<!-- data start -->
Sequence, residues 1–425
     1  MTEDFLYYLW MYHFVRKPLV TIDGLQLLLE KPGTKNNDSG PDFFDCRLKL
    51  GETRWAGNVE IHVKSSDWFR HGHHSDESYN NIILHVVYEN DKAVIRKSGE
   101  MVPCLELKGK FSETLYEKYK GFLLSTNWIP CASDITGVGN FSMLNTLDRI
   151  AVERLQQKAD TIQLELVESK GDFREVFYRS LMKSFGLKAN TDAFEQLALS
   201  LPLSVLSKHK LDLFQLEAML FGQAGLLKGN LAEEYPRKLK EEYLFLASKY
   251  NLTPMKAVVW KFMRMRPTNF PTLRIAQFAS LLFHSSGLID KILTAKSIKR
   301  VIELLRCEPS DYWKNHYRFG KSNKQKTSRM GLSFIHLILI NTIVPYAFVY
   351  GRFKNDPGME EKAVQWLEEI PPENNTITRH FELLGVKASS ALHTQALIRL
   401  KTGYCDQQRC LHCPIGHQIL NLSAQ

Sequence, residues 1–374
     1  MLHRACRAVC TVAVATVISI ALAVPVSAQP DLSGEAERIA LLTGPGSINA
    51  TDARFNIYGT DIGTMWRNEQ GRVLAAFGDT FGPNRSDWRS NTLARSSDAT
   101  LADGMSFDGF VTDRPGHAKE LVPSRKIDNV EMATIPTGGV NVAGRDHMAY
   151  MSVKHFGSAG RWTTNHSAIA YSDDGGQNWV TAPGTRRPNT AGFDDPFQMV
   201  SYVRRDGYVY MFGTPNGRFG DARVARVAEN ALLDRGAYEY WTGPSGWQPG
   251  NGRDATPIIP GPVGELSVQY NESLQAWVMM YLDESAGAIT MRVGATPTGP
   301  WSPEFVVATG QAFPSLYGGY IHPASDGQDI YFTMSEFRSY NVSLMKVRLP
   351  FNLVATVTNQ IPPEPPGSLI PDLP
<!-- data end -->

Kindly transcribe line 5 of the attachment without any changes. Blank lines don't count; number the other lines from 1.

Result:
   151  AVERLQQKAD TIQLELVESK GDFREVFYRS LMKSFGLKAN TDAFEQLALS